“I like it,” Carter said, smiling. “Just like me, the fans just want us to win.”

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Jim Boylen takes positive approach to injuries, Bulls' disappointing season

Jim Boylen takes positive approach to injuries, Bulls' disappointing season

One thing that has stood out throughout this disappointing Bulls season is Jim Boylen’s positivity.

Following most every game, he has highlighted in-game moments that he feels are signs of progress, even if they’re as basic as winning a quarter. He has praised players for their care factor and development.

The approach, like many of Boylen’s, has bothered some fans and observers. Perhaps not to the degree that his late-game timeout usage or rotational decisions or systems have, but the trait has caused some angst nonetheless.

It also stands in contrast to when Boylen first took over for the fired Fred Hoiberg. You remember his “shock and awe” campaign, the one where he openly questioned his players’ conditioning, made them do push-ups and in general sounded like a drill sergeant.

But the approach has at least served Boylen well as the Bulls have endured yet another stretch of injuries that has bordered on ridiculous. Wendell Carter Jr. is aiming for a Saturday return, while Otto Porter Jr. and Lauri Markkanen are trending in the right direction.

But the Bulls weren’t expecting to be playing two-way player Adam Mokoka rotational minutes in February, particularly alongside Cristiano Felicio and Shaq Harrison.

“What I’ve learned to do from people I’ve worked for and from being in this business is I take it as it comes,” Boylen said following Thursday’s practice at Advocate Center. “I try to stay in the moment, do the best I can to help this team get better and grow. I do not worry about tomorrow and I try to stay right in where we’re at. And where we’re at right now is banged up.

“I cannot wallow in that negativity or the things I can’t control. Otherwise, I don’t do as good a job on that floor teaching the guys that are practicing and are playing and staying positive and upbeat. And that’s what I get paid to do. I take a lot of pride in my attitude in these moments. That’s what this league is about to me. It’s easy when your team is healthy and you’re playing good and you’re winning games. But a lot of us in the league right now are going through these moments. And that’s part of it.”

So Boylen will continue stressing whatever he sees as positive, trying to set an example for his young team. On Thursday, that featured more talk of the Bulls’ shot profile. The Bulls rank second in shots from 5 feet or less and ninth in 3-point attempts.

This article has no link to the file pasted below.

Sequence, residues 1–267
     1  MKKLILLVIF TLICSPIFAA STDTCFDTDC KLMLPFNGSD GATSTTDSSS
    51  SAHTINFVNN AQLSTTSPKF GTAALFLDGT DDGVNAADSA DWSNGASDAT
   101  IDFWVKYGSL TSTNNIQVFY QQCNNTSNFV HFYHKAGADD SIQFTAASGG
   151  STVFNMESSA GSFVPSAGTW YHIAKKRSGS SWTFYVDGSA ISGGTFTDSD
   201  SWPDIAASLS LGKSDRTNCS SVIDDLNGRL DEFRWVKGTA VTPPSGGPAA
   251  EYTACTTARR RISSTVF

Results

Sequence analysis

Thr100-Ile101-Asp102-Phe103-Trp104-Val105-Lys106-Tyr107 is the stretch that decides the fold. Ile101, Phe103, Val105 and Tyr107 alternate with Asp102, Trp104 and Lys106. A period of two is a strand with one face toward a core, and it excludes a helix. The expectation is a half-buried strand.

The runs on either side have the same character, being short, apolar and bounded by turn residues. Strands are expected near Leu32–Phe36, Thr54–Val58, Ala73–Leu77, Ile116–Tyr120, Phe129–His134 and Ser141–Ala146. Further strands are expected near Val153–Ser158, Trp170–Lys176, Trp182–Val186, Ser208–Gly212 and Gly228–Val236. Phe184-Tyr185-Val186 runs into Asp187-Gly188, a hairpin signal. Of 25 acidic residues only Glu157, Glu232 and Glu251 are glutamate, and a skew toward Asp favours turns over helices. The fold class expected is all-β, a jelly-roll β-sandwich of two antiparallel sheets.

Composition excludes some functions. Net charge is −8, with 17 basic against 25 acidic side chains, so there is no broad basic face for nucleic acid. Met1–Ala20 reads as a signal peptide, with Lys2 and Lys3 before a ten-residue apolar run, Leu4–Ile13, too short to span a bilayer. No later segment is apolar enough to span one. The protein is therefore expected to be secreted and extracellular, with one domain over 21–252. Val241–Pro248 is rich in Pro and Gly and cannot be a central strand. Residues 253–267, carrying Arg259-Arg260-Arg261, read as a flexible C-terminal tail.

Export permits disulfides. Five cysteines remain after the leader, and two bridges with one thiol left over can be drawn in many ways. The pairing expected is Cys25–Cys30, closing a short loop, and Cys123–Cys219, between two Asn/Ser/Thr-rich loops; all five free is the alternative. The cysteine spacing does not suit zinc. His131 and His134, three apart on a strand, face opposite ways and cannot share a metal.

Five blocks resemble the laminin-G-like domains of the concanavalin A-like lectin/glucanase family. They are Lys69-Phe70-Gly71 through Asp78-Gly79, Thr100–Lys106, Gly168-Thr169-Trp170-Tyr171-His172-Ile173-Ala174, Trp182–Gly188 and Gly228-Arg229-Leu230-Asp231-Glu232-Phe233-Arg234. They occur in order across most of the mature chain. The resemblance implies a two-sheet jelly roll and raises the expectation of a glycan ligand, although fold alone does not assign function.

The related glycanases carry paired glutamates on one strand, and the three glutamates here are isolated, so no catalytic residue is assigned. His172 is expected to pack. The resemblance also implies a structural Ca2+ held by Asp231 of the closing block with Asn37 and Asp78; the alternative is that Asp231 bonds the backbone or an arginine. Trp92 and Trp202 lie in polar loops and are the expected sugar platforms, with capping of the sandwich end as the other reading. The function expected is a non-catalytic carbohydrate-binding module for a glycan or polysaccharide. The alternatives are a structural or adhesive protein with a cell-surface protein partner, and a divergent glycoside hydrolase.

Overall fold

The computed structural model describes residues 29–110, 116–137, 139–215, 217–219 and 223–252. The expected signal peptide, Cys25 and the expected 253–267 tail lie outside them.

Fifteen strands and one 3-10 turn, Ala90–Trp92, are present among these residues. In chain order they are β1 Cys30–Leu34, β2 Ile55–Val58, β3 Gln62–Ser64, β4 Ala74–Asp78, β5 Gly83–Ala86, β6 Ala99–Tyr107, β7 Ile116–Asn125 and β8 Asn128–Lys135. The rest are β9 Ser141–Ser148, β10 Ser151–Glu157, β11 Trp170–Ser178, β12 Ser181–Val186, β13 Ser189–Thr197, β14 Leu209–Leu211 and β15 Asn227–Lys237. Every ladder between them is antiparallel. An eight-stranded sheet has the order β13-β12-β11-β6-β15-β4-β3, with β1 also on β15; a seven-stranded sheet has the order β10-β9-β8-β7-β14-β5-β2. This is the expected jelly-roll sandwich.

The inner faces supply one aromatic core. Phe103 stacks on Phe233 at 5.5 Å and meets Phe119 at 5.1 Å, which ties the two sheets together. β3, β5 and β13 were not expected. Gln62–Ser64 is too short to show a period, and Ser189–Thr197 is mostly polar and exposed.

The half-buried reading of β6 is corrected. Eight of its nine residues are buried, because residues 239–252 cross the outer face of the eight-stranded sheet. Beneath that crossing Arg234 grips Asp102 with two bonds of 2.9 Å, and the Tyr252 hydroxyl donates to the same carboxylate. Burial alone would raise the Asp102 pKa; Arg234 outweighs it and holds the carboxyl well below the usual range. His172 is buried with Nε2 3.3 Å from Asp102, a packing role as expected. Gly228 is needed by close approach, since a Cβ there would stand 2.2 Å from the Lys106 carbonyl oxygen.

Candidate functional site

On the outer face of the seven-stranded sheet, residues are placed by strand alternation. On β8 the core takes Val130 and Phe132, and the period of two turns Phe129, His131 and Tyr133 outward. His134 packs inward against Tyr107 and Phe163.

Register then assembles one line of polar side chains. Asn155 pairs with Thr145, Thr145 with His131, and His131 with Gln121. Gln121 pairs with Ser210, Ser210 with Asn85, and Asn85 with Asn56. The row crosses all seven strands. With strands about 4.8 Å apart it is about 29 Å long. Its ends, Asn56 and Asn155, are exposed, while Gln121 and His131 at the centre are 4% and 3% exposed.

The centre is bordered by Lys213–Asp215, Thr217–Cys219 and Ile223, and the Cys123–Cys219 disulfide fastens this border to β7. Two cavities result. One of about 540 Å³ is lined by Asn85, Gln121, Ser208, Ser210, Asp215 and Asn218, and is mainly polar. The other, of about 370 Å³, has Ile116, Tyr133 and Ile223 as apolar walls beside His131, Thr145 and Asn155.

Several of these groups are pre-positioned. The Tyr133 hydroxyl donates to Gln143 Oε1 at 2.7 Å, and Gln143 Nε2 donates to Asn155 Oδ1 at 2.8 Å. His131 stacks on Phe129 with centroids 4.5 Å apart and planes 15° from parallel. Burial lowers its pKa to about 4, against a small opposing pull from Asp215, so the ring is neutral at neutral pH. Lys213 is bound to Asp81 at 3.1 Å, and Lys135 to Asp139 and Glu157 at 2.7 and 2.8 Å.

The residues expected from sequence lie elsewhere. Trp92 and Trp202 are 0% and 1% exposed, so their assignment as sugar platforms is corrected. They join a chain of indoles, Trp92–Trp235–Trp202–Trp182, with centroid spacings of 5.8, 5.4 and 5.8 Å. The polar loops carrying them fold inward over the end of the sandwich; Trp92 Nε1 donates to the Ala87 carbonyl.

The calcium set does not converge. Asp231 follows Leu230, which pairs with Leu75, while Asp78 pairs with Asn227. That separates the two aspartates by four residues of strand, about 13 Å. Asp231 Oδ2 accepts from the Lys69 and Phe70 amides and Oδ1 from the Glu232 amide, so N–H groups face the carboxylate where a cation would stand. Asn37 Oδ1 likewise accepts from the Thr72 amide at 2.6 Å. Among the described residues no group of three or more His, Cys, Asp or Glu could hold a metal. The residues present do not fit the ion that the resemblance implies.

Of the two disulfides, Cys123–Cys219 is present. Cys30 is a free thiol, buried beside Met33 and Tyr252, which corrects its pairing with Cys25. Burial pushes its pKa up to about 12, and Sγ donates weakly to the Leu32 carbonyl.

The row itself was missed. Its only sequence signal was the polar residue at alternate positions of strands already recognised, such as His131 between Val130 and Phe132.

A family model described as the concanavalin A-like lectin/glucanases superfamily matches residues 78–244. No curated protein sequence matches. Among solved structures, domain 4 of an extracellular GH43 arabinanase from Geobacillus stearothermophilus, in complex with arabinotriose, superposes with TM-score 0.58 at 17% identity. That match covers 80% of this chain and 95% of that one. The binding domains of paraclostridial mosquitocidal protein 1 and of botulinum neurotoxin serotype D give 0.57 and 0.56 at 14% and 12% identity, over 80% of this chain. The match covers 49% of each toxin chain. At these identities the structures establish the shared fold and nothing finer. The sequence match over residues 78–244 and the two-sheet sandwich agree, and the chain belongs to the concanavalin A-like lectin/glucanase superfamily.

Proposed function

“We have areas on the floor that we really value. A rim-2, which is right at the rim in the restricted area, or a corner 3, those are your highest-valued shots. Then you have a mid shot and an above-the-break 3. There are four distinct areas that we talk about,” Boylen said. “You would like more of the rim-twos and the corner 3s because those are the most valuable shots.”

The next step is converting them. The Bulls rank 26th in shots from 5 feet or less and 22nd in 3-point percentage.

“You hope to make those good looks you get. You hope to finish plays at the rim. And we’re working to do that,” Boylen said. “And that’s strength and youth and toughness and all those things we’re developing, You would say Coby White’s finishing has improved dramatically as he’s grown in the system. Our shot profile is very good.”

At 19 games under .500, that’s more positivity from Boylen.

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Bulls Talk Podcast: More injuries for the Bulls & storylines around the NBA


Bulls Talk Podcast: More injuries for the Bulls & storylines around the NBA

Host Jason Goff is joined by those entire NBCS Chicago Bulls beat, including insider KC Johnson, sideline reporter Leila Rahimi, and writer Rob Schaefer. They discuss the mounting injuries the Bulls have and go into the main storylines around the association.

(2:07) - Covering a hurt Bulls team

(9:30) - What do you make of Lauri Markkanen so far?

(21:35) - Rockets small ball is working

(32:50) - The Sixers have issues

(42:42) - Do NBA fans care about the historic regular season the Bucks are having?

Listen to the full podcast here or via the embedded player below:

Bulls Talk Podcast